5 Ways to Involve Parents in Classrooms
- Dec 02, 2014
The teacher was explaining the concept of ‘noun’ during the English class. All the students were seated at their desks, listening to their teacher. Or, at least, pretended to listen attentively to her. You know the concentration levels of seven-year-olds, don’t you? But, one of the students couldn’t even pretend to like the class. He was Alex. He always sat in the back bench and drew circles in his notebook whenever there was a grammar class in his school!
However, Alex is not the only child for whom education is like a burden. You will come across many such kids, who hate going to schools. It’s because somehow, they are not motivated enough to learn. I have seen some kids crying bitterly whenever it is time for school, clutching their parents’ hands. For, they are yet to be accustomed to a traditional school ambience.To combat this problem, several schools are making attempts to involve parents inside classrooms. This works wonders for all kinds of students, including those with terrible home-sickness. Let us observe how it helps students learn better:
Communicating effectivelySome teachers request parents for assistance through notes or leaflets, which they send home via their children. But are they really enough to persuade parents? Don’t you feel teachers must employ a more direct approach while communicating with parents? Dear teachers, don’t hesitate to reach out to parents through modern technology. For instance, you can shoot a mail to them, send a text message to their cell phones or even notify them through social networks like Facebook. You can even speak to parents over the phone. Effective communication is really necessary, in order to get the parents participate in the classroom.
Planning home visitsHome visits are a great way to engage parents, especially for those who do not respond to any other forms of communication. Face-to-face interactions are truly perfect. It would be an extra drive for reluctant parents to be actively involved in the school activities. Moreover, if teachers pay visit to the homes of children, to speak to their parents, they can get an idea about the home environment. So, they can easily figure out if the home atmosphere is conducive to the academic growth of children. For instance, if the domestic environment of a student hampers the child’s progress, teachers can think about alternative ways to help children learn better.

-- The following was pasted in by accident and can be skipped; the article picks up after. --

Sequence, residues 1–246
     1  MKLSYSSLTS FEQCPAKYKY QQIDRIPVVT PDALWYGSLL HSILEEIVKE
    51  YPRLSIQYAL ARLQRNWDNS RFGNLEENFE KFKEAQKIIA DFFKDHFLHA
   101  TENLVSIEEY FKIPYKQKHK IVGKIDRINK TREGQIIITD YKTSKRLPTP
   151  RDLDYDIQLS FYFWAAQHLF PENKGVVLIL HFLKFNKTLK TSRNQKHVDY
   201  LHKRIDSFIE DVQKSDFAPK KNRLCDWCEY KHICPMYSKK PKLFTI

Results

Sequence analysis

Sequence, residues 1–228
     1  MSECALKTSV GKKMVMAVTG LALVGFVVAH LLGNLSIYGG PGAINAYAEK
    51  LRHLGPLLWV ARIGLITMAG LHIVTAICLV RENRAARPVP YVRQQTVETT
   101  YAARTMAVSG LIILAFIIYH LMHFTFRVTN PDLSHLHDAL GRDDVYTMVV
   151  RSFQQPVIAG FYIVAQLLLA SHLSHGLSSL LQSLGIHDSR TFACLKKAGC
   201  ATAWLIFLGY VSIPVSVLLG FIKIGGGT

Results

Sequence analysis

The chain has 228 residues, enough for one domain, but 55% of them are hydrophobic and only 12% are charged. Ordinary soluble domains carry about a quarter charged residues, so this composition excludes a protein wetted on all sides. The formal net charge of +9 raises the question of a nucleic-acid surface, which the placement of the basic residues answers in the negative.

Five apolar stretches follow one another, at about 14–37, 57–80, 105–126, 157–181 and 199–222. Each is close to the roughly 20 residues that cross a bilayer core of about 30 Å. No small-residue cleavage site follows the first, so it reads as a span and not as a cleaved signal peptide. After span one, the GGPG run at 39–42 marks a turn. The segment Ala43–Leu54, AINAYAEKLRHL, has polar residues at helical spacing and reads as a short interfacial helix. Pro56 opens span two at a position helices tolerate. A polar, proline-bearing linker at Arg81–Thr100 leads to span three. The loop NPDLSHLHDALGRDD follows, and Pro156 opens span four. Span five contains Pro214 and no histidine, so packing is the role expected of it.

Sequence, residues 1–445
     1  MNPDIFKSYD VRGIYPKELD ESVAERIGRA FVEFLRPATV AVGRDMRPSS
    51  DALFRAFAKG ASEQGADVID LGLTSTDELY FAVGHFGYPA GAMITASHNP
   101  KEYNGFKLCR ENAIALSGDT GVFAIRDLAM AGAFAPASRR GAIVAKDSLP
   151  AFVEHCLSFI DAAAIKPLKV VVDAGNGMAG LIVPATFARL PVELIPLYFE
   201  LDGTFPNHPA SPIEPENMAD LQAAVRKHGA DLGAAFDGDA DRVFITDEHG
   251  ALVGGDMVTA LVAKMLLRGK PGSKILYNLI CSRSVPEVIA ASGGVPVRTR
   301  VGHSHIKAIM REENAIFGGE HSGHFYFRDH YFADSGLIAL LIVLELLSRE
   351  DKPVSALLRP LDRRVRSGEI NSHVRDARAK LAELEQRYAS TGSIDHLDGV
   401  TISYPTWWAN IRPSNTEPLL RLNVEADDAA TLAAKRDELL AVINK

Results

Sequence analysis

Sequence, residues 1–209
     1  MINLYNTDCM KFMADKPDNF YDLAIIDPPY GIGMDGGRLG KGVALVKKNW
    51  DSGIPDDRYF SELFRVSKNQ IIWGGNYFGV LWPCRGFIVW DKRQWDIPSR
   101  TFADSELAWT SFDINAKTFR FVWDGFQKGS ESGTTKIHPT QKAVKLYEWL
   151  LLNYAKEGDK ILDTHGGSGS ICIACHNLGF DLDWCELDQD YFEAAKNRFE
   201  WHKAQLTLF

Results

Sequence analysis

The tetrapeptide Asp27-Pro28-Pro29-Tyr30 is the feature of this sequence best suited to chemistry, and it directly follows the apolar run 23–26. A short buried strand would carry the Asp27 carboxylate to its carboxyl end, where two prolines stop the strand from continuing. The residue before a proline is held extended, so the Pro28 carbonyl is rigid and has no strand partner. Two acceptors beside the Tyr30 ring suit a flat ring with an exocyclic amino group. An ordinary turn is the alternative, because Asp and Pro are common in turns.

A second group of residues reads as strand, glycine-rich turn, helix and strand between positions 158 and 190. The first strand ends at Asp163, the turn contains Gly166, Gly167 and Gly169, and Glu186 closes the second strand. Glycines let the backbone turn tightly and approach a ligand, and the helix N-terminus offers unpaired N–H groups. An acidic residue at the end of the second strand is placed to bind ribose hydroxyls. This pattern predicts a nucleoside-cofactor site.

Sharing positive feedbackWhen I was in kindergarten, I remember how my class-teacher highlighted my faults in parent-teaching meetings! Let me share a secret with you. I was an introvert as a kid, and found it difficult to communicate with my classmates. Whenever my mother visited school to collect the report-card, my teacher complained to her about how silent I was, or how I nodded even when I failed to understand her instructions. Needless to say, I received a sound thrashing after that. Teachers must appreciate the qualities of students, and share positive feedback about them with their parents. This would motivate students and parents too.
Teachers must tell parents clearly about how their cooperation is required. I mean, in which fields. Some teachers want parents to assist kids as they complete their homework. Others might want parents to guide students with their spelling and grammar. I have come across certain children who face difficulties in reading fluently. So, teachers of such schools would prefer parents to listen to their children as they read out passages at home. When kids notice their parents interested in their studies, they automatically start taking academics seriously. I myself performed quite well in school exams as my mother spent a lot of time tutoring me at home.
Engaging working parents
Maximum parents are full-time working professionals nowadays. So, regular interaction with such people might be challenging for teachers. However, this problem can be solved if teachers think more creatively. For instance, parent volunteering shifts can be arranged at the early hours of the day. This would enable such parents to contribute before they leave for work. Teachers can even use ‘Google Hangouts’ or ‘Skype’, to help parents play an active role inside classes. This way parents can help their children even without being physically present in schools! So now working parents too can offer their share in their child’s learning process.
Trust me, there are several benefits of involving parents in the class. Most importantly, it constantly keeps parents in the loop. They can keep tab on the academic progress of their child, and inspire them to learn faster.
It helps students, school teachers and also the parents, and can never go wrong! Tell me which kid would not feel comfortable in the assuring glances of his parents, when he makes a silly error solving sums?
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